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This Map Shows How an Overheated Ocean Made Irma a Monster

Warming has fueled one of the most powerful Atlantic storms to threaten the United States in recorded history.

Fueling the Storm

Warm oceans can intensify hurricanes, which

scientists believe thrive when sea surface tem

peratures are above 82 degrees Fahrenheit. As

Hurricane Irma approaches the United States,

warmer waters will provide more energy to fuel

the storm.

Saffir-Simpson Hurricane Wind Scale

Category 5

(157 mph winds or higher)

Category 4

(130-156 mph winds)

Sea surface temperature on Sept. 7, 2017

(Fahrenheit)

76.6

87.4

82.0

United

States

As of Sept. 8, 2017, there is about

a 66 percent chance Hurricane

Irma will move through this area

by Sept. 13, 2017.

FLA.

Atlantic

Ocean

Bahamas

Sept. 7, 2017

Cuba

Haiti

Dom.

Rep.

Jamaica

Puerto

Rico

(U.S.)

Caribbean Sea

Virgin

Islands

(U.S.)

Fueling the Storm

Warm oceans can intensify hurricanes, which scientists believe thrive when sea surface

temperatures are above 82 degrees Fahrenheit. As Hurricane Irma approaches the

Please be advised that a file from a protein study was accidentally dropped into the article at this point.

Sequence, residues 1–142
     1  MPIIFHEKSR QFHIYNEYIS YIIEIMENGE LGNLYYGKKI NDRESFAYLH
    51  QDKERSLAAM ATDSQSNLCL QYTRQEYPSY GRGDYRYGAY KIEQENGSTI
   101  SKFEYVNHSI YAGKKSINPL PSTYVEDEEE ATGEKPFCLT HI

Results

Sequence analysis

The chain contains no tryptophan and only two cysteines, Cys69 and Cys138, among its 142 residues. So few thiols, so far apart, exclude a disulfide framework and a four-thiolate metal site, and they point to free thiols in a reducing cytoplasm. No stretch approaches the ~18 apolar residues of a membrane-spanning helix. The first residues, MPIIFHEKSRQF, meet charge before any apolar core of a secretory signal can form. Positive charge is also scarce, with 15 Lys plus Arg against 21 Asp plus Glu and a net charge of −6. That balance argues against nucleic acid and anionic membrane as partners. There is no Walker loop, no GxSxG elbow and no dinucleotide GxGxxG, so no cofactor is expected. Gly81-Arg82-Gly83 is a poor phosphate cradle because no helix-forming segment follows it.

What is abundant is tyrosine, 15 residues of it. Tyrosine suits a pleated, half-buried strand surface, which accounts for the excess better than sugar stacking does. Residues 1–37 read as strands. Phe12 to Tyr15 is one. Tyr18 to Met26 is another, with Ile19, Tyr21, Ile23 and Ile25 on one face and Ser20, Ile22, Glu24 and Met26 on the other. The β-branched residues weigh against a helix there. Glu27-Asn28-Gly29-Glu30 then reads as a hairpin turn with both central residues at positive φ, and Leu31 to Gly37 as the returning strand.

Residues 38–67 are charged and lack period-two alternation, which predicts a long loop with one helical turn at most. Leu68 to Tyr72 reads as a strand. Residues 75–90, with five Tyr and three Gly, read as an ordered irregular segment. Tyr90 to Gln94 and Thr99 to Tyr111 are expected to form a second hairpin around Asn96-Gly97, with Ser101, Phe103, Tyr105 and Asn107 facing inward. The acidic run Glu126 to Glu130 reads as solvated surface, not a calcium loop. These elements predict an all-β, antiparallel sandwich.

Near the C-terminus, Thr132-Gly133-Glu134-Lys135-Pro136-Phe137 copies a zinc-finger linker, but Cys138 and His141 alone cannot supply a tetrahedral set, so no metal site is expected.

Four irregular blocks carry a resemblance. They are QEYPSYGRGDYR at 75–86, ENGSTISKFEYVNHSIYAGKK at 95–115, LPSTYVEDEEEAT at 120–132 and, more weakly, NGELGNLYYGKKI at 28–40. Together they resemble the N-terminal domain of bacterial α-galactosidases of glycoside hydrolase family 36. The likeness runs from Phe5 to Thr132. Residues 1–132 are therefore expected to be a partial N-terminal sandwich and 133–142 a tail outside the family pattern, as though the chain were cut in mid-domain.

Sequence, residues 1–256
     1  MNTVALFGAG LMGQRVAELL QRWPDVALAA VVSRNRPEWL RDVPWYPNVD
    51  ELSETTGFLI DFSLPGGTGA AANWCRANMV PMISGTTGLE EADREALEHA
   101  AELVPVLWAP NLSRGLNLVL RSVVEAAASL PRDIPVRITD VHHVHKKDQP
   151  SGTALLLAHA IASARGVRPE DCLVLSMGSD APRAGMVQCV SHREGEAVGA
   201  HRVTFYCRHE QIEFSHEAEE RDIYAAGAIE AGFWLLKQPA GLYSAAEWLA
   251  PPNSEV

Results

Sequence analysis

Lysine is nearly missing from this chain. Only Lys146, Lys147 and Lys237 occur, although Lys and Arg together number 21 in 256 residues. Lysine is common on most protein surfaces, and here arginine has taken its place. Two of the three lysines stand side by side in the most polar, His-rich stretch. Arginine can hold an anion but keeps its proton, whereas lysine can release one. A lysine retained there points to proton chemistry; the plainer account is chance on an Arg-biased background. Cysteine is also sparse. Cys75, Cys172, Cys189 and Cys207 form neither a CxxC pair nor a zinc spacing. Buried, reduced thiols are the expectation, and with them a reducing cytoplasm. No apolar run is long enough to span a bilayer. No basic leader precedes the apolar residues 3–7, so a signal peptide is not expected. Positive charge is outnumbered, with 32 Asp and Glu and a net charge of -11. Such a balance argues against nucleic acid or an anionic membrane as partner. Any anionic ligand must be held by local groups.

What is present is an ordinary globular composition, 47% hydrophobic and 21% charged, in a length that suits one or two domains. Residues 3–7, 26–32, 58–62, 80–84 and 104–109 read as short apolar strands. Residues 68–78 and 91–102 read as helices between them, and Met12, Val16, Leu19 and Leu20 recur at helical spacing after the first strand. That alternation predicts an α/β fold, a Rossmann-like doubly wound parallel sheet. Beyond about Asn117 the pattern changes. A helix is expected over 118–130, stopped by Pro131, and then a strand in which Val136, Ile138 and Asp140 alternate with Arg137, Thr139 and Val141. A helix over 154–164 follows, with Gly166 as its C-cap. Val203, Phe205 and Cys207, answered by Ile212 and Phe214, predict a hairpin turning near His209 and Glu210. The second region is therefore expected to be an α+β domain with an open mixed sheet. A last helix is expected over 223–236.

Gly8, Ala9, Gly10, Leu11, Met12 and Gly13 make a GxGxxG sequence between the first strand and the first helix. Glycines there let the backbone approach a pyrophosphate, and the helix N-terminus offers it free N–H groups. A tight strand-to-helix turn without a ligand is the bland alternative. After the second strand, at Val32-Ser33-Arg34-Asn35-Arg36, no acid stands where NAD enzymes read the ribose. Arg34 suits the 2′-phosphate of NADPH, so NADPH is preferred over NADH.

United States, warmer waters will provide more energy to fuel the storm.

United

States

Tennessee

North

Carolina

Ala.

S.C.

Miss.

Georgia

Saffir-Simpson Hurricane

Wind Scale

Category 5

(157 mph winds or higher)

Atlantic

Ocean

Category 4

(130-156 mph winds)

As of Sept. 8, 2017, there

is about a 66 percent

chance Hurricane Irma

will move through this

area by Sept. 13, 2017.

Florida

Sea surface temperature

on Sept. 7, 2017

(Fahrenheit)

Gulf of Mexico

Bahamas

76.6

82.0

87.4

Sept. 7, 2017

Cuba

Mexico

Haiti

Dom.

Rep.

Jamaica

Puerto

Rico

(U.S.)

Virgin

Islands

(U.S.)

Caribbean Sea

LAUREN C. TIERNEY, NG STAFF

SOURCES: NATIONAL HURRICANE CENTER; NOAA


Like Hurricane Andrew in 1992, Irma lost strength as it lashed the Caribbean—but could regain its force before reaching Florida. Andrew weakened before making landfall in the Bahamas but then rapidly regained Category 5 status before it struck just south of Homestead, Florida.

This map shows where Irma will pass through warmer waters before making landfall. Warm water fuels the updrafts that lower barometric pressure inside the storm, creating stronger winds.